On May 26th, 2009, the San Francisco Gray Panthers filed a lawsuit under the Supremacy Clause against Governor Arnold Schwarzenegger and Michael E. Genest, the Director of Finance of the State of California, along with other government officials. The lawsuit was filed in the Northern District of California. The plaintiffs, represented by an attorney from the Medicaid Defense Fund and private counsel, were made up of individuals and the following groups: the Gray Panthers of San Francisco, Independent Living Center of Southern California, Inc., and LifeLong Medical Care.
Plaintiffs sought an injunction to halt implemention of the California Welfare & Institutions Code § 14131.10, arguing it was preempted under the Supremacy Clause. Specifically, Plaintiffs claimed that the California law would eliminate federal healthcare benefits for eligible recipients, including adult dental services, acupuncture services, audiology services, speech therapy services, chiropractic services, optometric and optician services, podiatric services, psychology services, and incontinence creams and washes.
Plaintiffs argued that money the State received pursuant to the American Recovery and Reinvestment Act of 2009 should be spent to maintain these healthcare services for recipients, rather than added to the general budget.
On July 1st, 2009, plaintiffs moved for a preliminary injunction to stop the state of California from implementing the California Welfare and Institutions Code § 14131.10.
On July 15th, 2009, defendants filed a motion to dismiss, arguing the Cal. Welf. & Inst. Code did not conflict with the relevant ARRA provisions and that the ARRA provisions were not privately enforceable.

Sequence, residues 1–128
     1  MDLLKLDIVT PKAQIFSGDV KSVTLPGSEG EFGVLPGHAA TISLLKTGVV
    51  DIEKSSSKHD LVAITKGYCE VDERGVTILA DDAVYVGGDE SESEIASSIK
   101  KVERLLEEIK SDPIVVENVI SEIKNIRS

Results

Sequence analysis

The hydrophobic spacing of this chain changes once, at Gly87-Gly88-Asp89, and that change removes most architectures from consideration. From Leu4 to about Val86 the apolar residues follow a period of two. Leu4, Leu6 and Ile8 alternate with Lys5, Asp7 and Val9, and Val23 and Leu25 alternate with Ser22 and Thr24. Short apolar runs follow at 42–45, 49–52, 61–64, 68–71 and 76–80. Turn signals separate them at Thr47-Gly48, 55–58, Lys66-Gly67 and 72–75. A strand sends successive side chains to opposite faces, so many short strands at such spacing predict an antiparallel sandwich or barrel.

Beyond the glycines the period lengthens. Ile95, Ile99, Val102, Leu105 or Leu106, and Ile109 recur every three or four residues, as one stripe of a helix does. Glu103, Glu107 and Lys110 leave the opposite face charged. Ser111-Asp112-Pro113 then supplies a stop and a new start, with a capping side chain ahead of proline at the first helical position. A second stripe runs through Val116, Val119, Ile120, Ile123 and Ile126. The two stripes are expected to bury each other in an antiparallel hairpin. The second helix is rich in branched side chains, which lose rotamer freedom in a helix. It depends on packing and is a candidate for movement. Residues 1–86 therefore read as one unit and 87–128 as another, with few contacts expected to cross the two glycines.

On September 1st, 2009, the Northern District Court (Judge Phyllis J. Hamilton) ruled in favor of defendants' motion to dismiss. Judge Hamilton reasoned that state officials are guaranteed immunity from lawsuit in federal court by the Eleventh Amendment. The court also reasoned that the sections of ARRA plaintiffs brought to the case were "not at issue" in the case. Gray Panthers v. Schwarzenegger. (N.D. Cal. 2009).
The same day, Judge Hamilton denied plaintiffs' motion for preliminary injunction. The court found that plaintiffs failed to show a likelihood of success on their merits. Judge Hamilton reasoned that ARRA Title V "contains no express statement of intent to preempt state law." The court reasoned that § 5000(a) does not create an obligation for states to halt cuts to Medicaid programs, but rather that the enhanced FMAP payments are meant to "help avert" cuts. Gray Panthers v. Schwarzenegger, (N.D. Cal. 2009).
After the case was decided, the Services Employees International Union (SEIU) moved to file an amicus brief to support the emergency motion of the plaintiffs. This motion was denied. Judge Hamilton also denied the emergency motion filed by plaintiffs for a stay pending appeal on October 22nd, 2009.
On October 29th, 2009, Judge Hamilton entered an order dismissing the complaint with prejudice. (Other similar cases, like V.L. v. Wagner, continue to be brought to courts in California challenging the budget cuts affecting benefits for disabled and elderly people.)Julianne Nowicki - 04/14/2010